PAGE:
The ECJ considers the SCC to be valid. The SCC contained effective mechanisms to protect EU citizens whose personal data would be transferred from the EU to a third country. This is true even though the SCC only bind the contracting parties, i.e. the data exporter in the EU and the data importer in the third country.
However, before any transfer of personal data to a third country by the parties, it should be verified whether the EU citizens whose personal data are transferred enjoy a level of protection equivalent to that guaranteed in the EU by the General Data Protection Regulation and the Charter of Fundamental Rights of the European Union (the Charter). The assessment of whether such an equivalent, i.e. adequate level of data protection exists is based both on the contractual obligations in the SCC as well as on whether the legal system of the third country also provides for such a level of protection, in particular with regard to access to data by public authorities.
Therefore, the parties concerned would have to assess in particular, on a case-by-case basis, whether the data importer in the third country is able to comply with the SCC at all or whether the legal system of the third country prevents this. If the legal system of the third country does not provide for an adequate level of protection, no data transfer may take place. However, the ECJ also obliges the competent data protection authority to intervene and prohibit the data transfer if it considers that the SCC are not (or cannot be) respected in the third country.
The ECJ has a clear position on the EU-US privacy shield. It declares this to be invalid! All data transfers from the EU to the US, which were previously based on this, are now to be considered illegal. The ECJ justifies this in particular as follows:
According to the EU-US privacy shield, the requirements of national security, public interest and compliance with US law would take precedence over the fundamental rights of EU citizens whose data are transferred to the US under the Charter. In particular, the monitoring programmes of the authorities based on US law are not limited to the absolutely necessary extent. The associated restrictions on data protection were therefore disproportionate under European Union law.
Furthermore, the EU-US Privacy Shield would not provide the EU citizens concerned with legal protection comparable to that provided by European Union law. There is an ombudsman procedure, in which an ombudsperson in the USA may be called upon to safeguard the rights of the persons concerned vis-à-vis the US authorities. However, the EU citizens concerned do not have the possibility of having the independence of the ombudsperson reviewed. Furthermore, there are no standards which authorise the ombudsperson to issue binding decisions vis-à-vis the US intelligence services.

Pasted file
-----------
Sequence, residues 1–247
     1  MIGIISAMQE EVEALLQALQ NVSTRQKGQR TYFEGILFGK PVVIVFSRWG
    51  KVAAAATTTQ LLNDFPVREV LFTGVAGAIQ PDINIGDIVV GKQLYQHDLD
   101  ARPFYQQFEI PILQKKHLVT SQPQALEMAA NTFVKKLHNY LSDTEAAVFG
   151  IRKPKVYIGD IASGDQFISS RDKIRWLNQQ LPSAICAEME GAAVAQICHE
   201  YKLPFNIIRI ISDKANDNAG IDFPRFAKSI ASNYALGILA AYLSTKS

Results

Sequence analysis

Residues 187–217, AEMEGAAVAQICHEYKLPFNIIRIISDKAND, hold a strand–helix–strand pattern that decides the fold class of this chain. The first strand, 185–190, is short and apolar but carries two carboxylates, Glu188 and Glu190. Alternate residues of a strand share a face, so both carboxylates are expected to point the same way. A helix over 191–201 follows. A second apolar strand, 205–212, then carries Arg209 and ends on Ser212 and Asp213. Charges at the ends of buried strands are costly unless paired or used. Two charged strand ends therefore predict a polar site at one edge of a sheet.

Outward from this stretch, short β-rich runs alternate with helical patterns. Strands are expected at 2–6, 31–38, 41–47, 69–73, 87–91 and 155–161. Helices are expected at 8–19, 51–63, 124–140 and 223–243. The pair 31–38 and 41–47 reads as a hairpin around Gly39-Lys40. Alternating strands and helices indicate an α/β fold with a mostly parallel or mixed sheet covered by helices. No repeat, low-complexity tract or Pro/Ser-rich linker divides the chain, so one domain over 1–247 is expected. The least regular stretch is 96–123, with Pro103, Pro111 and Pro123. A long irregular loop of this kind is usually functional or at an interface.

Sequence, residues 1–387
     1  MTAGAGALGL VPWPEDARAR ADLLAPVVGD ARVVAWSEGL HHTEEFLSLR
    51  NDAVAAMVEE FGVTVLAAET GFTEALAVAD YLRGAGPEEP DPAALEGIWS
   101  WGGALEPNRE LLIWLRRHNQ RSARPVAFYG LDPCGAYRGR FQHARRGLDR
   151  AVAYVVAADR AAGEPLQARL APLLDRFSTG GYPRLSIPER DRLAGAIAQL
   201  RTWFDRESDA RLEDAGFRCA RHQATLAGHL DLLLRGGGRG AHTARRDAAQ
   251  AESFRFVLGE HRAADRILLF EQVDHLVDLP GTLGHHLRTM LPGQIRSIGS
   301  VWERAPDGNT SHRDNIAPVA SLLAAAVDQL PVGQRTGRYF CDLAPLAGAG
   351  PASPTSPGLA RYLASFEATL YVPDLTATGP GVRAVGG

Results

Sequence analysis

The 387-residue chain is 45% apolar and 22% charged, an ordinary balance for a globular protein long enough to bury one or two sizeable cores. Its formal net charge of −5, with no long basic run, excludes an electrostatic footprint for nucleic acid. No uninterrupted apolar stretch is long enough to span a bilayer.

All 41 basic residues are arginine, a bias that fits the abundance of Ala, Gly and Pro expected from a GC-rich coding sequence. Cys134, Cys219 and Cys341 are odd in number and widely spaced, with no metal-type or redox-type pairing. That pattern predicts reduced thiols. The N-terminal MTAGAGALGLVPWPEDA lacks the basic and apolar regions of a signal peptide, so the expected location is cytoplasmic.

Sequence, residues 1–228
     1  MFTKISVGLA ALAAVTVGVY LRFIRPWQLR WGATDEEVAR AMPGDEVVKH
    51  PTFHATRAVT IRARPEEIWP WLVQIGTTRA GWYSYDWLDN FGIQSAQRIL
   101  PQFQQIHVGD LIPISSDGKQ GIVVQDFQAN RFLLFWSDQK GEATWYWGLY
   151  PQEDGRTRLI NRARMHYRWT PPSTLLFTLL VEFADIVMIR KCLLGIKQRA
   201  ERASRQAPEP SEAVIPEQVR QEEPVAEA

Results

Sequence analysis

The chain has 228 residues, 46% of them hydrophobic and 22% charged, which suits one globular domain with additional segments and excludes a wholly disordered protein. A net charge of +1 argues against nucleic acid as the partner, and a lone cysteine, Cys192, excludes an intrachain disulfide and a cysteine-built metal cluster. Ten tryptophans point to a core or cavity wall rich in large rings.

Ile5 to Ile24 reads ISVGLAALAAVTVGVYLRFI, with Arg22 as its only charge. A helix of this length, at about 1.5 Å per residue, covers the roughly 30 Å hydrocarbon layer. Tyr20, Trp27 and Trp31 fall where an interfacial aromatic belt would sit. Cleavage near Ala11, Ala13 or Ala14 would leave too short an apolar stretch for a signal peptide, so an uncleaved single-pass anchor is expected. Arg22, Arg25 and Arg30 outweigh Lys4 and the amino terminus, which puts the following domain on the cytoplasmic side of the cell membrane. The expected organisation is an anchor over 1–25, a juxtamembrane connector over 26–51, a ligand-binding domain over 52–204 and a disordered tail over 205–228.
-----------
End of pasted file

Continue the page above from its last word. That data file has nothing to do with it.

The ECJ ruling forces all internationally active companies in the EU to closely examine their data transfers to third countries, in particular the USA.
To the extent that companies in the EU have so far justified a data transfer to the US on the basis of the EU-US Privacy Shield, companies will need to act quickly. This data transfer is now illegal. It is to be expected that the data protection authorities will soon begin to review the legality of such data transfers. These companies must therefore immediately examine whether they can carry out their data transfers to the US on the basis of other mechanisms. It is highly questionable and will have to be examined very carefully whether, after today's judgement, the SSCs are still a sufficient alternative for transfers to data importers in the US.
Also with regard to other third countries, the data transfers based on SCC should be reassessed in the light of the ECJ ruling. For the ECJ has made it clear that before personal data are transferred to third countries, but also during continuous data transfers, compliance with an adequate level of protection must be checked and ensured.
It is expected that the German and European data protection authorities will position themselves on this in the near future. So, still awaiting the comments of data protection authorities, what can companies do in principle? Possible activities that are nevertheless sometimes organizationally complex or risky can be: